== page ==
Libby Trickett, the Woman Behind the Hero
Libby Trickett, The Woman Behind The Hero
As one of Australia’s great Olympic champions, we have seen Libby Trickett battle it out in the pool. What we have not seen are the battles with depression that have led her to become an ambassador for Beyond Blue and R U OK?
Behind her beaming smile and warm personality, is a woman who has suffered feelings of severe hopelessness.
However, there is so much more to her narrative. This interview unravels Libby’s quirks and complexities and the wisdom she has learnt from the challenges she has faced and overcome.
You lead your life by example, and it is such a positive one for young women. If you could give your 18-year-old self one piece of golden positive wisdom, what would it be?
It’s probably quite cliché, but I would say you are enough. You don’t need to impress or be something that other people might want you to be. Being yourself is worthy enough. All the things you’ve worked through and achieved mean something. They’re all for a purpose, and although maybe you don’t see it at that time, it all turns out for the best in the long run.
What are your secret indulgences?
Ok, this is my dirty little secret. I’m obsessed with true crime. To the point where I’m getting concerned about myself. Anything I can find. Whether it’s on Netflix or a podcast.
Who is the coolest person you have ever met?
Meeting Prince William was very exciting and terrifying, I completely muffled my greeting. All you’re supposed to say is “it’s lovely to meet you Your Royal Highness”. I had verbal diarrhoea. The words just fell out of my mouth in no particular order, and then I laughed awkwardly. He was lovely about it, which made me feel less idiotic. I mean he wouldn’t remember me from a bar of soap.
What has been the funniest moment in your swimming career?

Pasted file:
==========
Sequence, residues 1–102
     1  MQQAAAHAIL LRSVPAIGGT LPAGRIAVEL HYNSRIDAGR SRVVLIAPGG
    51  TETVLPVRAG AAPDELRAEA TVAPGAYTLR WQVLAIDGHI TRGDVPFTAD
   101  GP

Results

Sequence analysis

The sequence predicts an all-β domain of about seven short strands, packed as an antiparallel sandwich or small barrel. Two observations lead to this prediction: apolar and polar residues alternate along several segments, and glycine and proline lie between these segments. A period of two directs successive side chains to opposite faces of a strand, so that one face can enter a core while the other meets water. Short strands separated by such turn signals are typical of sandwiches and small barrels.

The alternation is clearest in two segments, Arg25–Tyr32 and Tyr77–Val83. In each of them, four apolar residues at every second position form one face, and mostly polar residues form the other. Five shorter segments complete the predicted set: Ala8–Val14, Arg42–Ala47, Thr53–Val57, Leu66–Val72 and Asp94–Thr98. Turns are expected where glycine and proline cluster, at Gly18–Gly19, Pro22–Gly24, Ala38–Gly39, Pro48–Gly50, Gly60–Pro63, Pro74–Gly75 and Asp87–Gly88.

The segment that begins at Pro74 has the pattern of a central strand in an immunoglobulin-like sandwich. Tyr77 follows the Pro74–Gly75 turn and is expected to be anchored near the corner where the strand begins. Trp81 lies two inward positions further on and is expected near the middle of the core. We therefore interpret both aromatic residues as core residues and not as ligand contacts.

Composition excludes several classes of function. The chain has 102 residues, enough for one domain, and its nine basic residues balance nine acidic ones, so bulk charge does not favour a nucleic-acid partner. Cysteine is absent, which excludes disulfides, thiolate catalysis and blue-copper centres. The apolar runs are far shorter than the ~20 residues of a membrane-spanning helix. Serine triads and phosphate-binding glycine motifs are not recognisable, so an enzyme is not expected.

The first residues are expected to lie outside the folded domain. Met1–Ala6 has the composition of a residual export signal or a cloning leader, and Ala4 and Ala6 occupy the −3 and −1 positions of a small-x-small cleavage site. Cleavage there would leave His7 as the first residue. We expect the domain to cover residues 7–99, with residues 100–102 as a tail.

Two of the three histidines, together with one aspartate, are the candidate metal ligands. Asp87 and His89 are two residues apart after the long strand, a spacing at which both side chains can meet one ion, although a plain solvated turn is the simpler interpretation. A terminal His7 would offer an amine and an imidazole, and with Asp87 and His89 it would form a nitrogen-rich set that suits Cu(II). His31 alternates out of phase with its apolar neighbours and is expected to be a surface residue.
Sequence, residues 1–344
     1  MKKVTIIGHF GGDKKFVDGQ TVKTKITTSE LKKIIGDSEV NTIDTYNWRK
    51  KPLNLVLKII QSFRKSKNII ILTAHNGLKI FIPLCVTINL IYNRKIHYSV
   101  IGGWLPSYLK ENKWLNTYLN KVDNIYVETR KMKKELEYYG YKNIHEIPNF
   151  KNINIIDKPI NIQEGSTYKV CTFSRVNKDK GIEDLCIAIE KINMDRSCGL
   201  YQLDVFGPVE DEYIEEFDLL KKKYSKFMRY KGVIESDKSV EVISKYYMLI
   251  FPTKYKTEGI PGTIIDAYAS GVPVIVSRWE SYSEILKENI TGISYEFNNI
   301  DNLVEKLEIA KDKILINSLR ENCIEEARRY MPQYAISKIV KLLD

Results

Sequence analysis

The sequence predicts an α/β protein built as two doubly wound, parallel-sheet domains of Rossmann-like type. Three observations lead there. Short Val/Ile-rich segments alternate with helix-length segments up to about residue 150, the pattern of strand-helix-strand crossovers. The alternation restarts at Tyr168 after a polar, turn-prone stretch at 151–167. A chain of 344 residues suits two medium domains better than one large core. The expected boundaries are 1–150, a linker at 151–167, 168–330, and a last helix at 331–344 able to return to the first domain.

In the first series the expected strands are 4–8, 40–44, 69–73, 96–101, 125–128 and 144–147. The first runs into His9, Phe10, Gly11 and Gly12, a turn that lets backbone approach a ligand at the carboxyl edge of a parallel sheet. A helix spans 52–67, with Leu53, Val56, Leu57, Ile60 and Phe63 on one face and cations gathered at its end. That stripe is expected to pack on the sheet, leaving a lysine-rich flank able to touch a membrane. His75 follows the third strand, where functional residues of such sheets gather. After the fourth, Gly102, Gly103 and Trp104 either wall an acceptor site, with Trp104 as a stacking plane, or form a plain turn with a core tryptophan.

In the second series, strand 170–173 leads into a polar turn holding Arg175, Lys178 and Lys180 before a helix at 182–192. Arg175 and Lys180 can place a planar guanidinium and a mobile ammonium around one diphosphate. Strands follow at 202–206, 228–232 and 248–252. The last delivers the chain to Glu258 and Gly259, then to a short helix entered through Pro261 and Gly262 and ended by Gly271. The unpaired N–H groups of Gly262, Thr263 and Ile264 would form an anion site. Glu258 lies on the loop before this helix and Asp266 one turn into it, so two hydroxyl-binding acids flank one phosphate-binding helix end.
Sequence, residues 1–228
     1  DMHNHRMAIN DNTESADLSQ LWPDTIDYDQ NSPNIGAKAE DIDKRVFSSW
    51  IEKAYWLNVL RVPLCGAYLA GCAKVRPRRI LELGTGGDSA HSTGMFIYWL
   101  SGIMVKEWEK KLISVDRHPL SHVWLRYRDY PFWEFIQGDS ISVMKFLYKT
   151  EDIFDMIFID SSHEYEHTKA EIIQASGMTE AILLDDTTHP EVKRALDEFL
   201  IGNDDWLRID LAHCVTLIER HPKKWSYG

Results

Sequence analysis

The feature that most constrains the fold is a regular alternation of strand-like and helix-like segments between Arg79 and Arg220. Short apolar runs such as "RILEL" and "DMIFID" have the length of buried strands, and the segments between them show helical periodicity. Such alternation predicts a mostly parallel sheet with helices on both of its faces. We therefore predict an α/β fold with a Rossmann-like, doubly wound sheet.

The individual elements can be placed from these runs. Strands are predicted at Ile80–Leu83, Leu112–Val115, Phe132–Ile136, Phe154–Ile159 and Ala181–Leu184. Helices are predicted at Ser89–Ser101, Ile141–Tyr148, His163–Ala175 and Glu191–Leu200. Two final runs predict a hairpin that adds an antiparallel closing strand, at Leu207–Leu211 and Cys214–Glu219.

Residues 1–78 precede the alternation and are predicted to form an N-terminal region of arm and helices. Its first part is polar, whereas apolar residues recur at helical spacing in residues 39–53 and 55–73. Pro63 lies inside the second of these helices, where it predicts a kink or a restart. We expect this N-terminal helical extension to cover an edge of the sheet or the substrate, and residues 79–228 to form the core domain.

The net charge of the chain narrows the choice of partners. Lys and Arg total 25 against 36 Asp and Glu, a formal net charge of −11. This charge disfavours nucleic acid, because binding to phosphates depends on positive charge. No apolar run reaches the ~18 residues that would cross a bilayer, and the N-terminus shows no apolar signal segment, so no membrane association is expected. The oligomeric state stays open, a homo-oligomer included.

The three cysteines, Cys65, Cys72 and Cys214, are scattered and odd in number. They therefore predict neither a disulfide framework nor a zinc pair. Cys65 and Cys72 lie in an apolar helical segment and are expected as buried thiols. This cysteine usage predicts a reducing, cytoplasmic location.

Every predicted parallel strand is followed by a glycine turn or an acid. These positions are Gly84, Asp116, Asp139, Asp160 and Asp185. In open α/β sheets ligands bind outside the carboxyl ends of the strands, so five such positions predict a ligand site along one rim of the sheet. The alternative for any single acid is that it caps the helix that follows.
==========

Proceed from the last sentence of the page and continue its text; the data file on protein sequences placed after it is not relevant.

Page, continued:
When I was about 15, I was standing on the block, and there was a bee buzzing around my head. I tried to swat at it but lost my footing and ended up slipping in such a way that I ended up falling sideways and found myself straddling the lane rope. Not funny at all at the time but it’s quite hilarious looking back on it. The whole squad was there laughing.
On a more serious note, you have struggled with your own mental health over the years. What helped you recover?
Talking about it has been an essential part of my healing process, especially after post-natal depression. I consider myself strong and independent, but I recognised that motherhood is inherently hard. Regardless if you have a unicorn baby that sleeps 12 hours a night, the different challenges and guilt that comes with parenting is difficult.
For me, as soon as I started talking about it, the response I received was amazing. Without talking about it, you can feel isolated because you don’t see how many other people are struggling and you wonder why you’re the only one not coping. That’s why if you look at my Instagram, most of it’s just poking fun at parenthood.
I think it’s important to show that truth and realness because that’s part of the beauty of life as well. It’s not all perfectly curated Instagram accounts, it’s the rawness and the realness that makes life textured and layered and colourful. Social media can be such a terrible thing in terms of creating low self-esteem.
But on the flip-side, there are these wonderful communities that can be so positive, and I certainly feel lucky with my Instagram, because I’ve received nothing but kindness from people that I may never meet physically in person.
How has your experience with depression affected your relationships?
They’ve become stronger. I know that the relationship with my husband Luke has just gone from strength to strength because we communicate. We talk about our fears.
When someone with depression reaches out, it can be hard to know what the right thing to say is. What do you recommend?
That’s part of the reason why I’ve been part of Beyond Blue and R U Ok? They have incredible resources. Don’t underestimate asking ‘are you okay’? Maybe the person isn’t ready to talk, but simply showing that you’re there and that you care, is incredibly powerful for the person that might be struggling. Equally as important is listening unconditionally. Not trying to fix them, just listening to what they’re experiencing. The next thing you can do is follow up. Often, we’re like, ‘ok I’ve asked, tick, they said they were fine, they must be fine’.
If you ask again, they might be ready to talk.